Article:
Like most people, I grew up on Paas eggs, glowing with chemical dyes and artificial colors. My memories are vivid: the sulphuric smell of boiled eggs, the sharp hit of vinegar in my nostrils, the metal egg holder shaped like an old person's eyeglasses, and the mystical colored-dye tablets. The connection between hard-boiled eggs and the Christian religion is pretty much lost on me, though its symbolism of new life rings true, especially on a beautiful spring day. Anyway, it doesn't matter too much—they're a tradition, and that means enough.
Rather than the store-bought kit, my wife grew up following an Easter tradition of wrapping eggs in onion skins and boiling them in a length of white cloth tied up tight with string. Last year, while living in Estonia, we dyed eggs this way, placing sprigs of dill, bits of rice, and whatever grass or leaves we could find in the yard inside the flaky onion skins. A ten-minute boil and the eggs emerged mottled and charming.
It's a far more creative adventure than a store-bought kit: you actually have a say in how your eggs turn out by using whatever materials you want. The thrill and surprise of unwrapping your hot egg brings out the kid in all of us.
If you decide to go the natural route, though, wrapping the eggs in onion skins isn't the only way to dye them naturally. While experimenting with different foods as coloring, I was pretty impressed with how well a few easy-to-find and inexpensive foods worked.
With a couple of beets, some ground turmeric, and a red cabbage, I was turning out gorgeous eggs in all three primary colors.
So whether you go with the naturally-made dyes (made for dipping eggs just like the chemical stuff) or the onion-skin route, it makes the whole process a lot more interactive and fun. Here's how to set yourself up for a DIY Easter egg year.
How to Make Natural Dyes for Easter Eggs
The idea here is to treat the eggs just like you do in the dyeing kits: boil them ahead of time all at once, then dip each egg in a colorful dye to decorate it.
Red and yellow were obvious: If you've ever cut beets on a wooden cutting board, it's probably still stained red, as is your countertop from the last curry you made with turmeric.
But how many foods do you know that are blue? Strangely, if you boil red cabbage with some water and strain it out, the resulting purplish liquid will stain eggs a rich, cobalt blue. Don't ask me why, but it works.
For red dye: Take 1 to 2 beets (about 3/4 pound) and roughly chop it. Combine it with 1 quart water, 1 tablespoon vinegar, and 1 tablespoon salt in a saucepan. Bring to a boil, then cover and simmer for 30 minutes. Strain, reserving the liquid for dyeing.
For yellow dye: Heat 1 quart water, 1 tablespoon vinegar, and 1 tablespoon salt in a saucepan. Add 6 tablespoon ground turmeric and stir well. Simmer for just a few minutes until the turmeric dissolves.
For blue dye: Take 1 large red cabbage (about 1 pound) and shred it. Combine in a saucepan with 1 quart water, 1 tablespoon vinegar, and 1 tablespoon salt. Bring to a boil, then cover and simmer 30 minutes. Strain, reserving the liquid for dyeing.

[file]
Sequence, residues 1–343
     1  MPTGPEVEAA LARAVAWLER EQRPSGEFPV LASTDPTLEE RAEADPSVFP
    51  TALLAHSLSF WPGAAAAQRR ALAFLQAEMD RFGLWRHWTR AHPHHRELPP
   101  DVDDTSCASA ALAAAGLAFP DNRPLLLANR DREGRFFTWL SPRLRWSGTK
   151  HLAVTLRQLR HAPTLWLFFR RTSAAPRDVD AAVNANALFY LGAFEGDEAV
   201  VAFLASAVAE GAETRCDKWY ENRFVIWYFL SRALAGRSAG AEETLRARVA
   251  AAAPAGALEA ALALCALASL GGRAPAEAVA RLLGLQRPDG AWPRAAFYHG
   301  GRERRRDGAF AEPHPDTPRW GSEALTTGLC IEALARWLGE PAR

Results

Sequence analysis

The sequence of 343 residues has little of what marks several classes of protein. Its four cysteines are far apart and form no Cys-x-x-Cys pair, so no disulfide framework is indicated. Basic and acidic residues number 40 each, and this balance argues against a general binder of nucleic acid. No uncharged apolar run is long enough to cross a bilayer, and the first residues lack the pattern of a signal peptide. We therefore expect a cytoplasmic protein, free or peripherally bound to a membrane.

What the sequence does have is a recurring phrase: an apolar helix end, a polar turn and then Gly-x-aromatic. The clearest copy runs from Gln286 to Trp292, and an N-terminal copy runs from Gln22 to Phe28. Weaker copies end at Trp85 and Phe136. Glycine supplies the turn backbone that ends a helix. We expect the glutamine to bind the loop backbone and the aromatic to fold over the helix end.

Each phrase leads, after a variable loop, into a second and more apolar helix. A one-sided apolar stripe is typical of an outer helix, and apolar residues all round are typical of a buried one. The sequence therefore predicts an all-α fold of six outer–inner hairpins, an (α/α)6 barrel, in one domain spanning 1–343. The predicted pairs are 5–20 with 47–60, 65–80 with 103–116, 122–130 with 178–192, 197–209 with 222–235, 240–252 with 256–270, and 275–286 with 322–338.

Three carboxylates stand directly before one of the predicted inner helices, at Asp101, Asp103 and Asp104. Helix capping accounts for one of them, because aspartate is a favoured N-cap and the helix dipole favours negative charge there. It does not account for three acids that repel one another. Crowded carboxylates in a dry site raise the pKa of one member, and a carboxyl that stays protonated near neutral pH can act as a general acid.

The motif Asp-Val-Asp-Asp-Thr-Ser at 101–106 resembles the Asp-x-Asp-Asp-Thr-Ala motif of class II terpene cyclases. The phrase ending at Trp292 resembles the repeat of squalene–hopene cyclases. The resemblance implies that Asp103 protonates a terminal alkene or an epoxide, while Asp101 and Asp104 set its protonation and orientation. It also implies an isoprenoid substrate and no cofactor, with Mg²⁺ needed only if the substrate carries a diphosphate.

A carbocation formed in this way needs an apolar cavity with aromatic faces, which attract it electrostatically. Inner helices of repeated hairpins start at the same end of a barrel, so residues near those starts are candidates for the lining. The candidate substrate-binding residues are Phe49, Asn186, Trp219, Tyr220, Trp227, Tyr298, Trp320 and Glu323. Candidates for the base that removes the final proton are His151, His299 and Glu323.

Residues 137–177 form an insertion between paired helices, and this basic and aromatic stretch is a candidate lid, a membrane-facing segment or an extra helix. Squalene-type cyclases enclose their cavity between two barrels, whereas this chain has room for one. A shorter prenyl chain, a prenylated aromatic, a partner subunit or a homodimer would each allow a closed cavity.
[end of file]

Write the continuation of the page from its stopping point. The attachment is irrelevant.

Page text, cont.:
To dye the eggs: Simply soak them in the liquids until they are the desired colors. At first, the colors will be quite pale, though beautiful.
They don't work equally well: the red dye sets very quickly, and the turmeric isn't far behind. But after a minute or two in the blue dye, the egg had hardly changed at all. To achieve a truly rich blue, the egg needs to soak for a few hours.
The eggs do need to dry, otherwise the color can rub off, so set them on a wire cooling rack for about 30 minutes to an hour.
Knowing I had all three primary colors, I did a little experimenting with using two dyes on the same egg: yellow and blue to make green, red and yellow to make orange. It wasn't entirely successful, though I did come up with a nice subtle green and a slightly brownish orange.
How to Make Onion Skin–Dyed Easter Eggs
Unlike traditional egg-dyeing, these eggs are not pre-boiled before coloring. Rather, the cooking and dyeing process happens all at once.
You'll need the skins of at least 8 to 10 onions for every dozen eggs. (The onions themselves should then be used sooner than later.)
In addition to the onion skins, which will color the eggs nicely by themselves, you can also collect leaves, flower petals, leafy herbs, uncooked rice, etc. to leave impressions against the outside of the eggs.
You'll also need cloth to wrap the eggs with: for a couple dozen eggs, say a yard or two of inexpensive muslin or other white fabric. Cut it into large squares and build your egg on top. To tie the eggs, lightly colored yarn or kitchen twine works well. Make sure to wrap yours up distinctively so that it will be easily recognizable once they all head into the pot.
Boil for 10 to 12 minutes to set the colors and cook the eggs. Then unwrap them and see how they turned out!
This post may contain links to Amazon or other partners; your purchases via these links can benefit Serious Eats. Read more about our affiliate linking policy.